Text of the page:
All was not lost though it seemed so.  Several years later Winter was able to buy the Myrtles Plantation back in 1870. There are no records of how he was able to finance the purchase.  Tragically he was murdered in 1871 on the front porch of the house by a stranger; some say his name was E. S. Webber, but there are no court or trial records to prove it.  In fact, no one was ever punished for the killing and the case remains unsolved to this day.

The house changed hands several times over the next twenty years until eventually becoming owned by Harrison Milton Williams in 1891.  Williams heirs divided the land amongst themselves, but the house remained.  It was later sold in the 1950’s to Marjorie Munson.  It was Munson who started noticing strange things around the house and is suspected of being the source for most of the ghost stories.

What’s Real, What’s Embellished,  and the Ghostly Evidence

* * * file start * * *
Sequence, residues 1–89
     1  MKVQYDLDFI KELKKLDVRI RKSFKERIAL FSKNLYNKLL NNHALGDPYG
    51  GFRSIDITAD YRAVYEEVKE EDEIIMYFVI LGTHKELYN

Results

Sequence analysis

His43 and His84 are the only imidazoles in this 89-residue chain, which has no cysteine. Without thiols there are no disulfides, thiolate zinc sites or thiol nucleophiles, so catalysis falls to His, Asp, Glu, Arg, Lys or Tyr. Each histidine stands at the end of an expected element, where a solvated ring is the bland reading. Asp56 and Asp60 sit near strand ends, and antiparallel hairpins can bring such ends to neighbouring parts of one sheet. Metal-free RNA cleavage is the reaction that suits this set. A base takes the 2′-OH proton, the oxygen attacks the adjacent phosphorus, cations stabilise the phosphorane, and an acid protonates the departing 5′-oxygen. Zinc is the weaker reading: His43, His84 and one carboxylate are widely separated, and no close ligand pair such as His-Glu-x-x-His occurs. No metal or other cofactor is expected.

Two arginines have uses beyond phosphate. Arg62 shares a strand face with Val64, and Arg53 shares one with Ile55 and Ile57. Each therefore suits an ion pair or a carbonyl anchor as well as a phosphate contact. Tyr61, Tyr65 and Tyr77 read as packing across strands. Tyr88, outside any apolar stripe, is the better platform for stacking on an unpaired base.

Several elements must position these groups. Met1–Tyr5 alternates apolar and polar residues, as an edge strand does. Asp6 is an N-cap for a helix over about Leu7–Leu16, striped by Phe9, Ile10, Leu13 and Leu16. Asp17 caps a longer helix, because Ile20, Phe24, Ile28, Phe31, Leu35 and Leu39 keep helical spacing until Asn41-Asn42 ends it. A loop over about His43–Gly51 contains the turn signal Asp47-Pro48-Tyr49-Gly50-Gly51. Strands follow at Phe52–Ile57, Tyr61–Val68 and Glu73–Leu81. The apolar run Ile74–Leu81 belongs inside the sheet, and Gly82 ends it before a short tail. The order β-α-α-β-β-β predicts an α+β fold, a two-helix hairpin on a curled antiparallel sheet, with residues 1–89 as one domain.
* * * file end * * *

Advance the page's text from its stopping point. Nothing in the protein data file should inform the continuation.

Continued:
There have been countless stories about sightings, strange apparitions, objects that vanish without any rational reason why, odd smells, mysterious footsteps, and more.  Over the years, staff members have reported seeing a shadowy woman, ghostly children on the front porch, and unsettling faces and hand prints in mirrors.  Also they’ve reported sounds which cannot be explained, no matter how hard they try, footsteps, terrifying voices, and cold spots throughout the property.  Each incident adds to the storied history of the Myrtles Plantation and most are simply accepted by the public as part of the history and grows the reputation of the haunted house.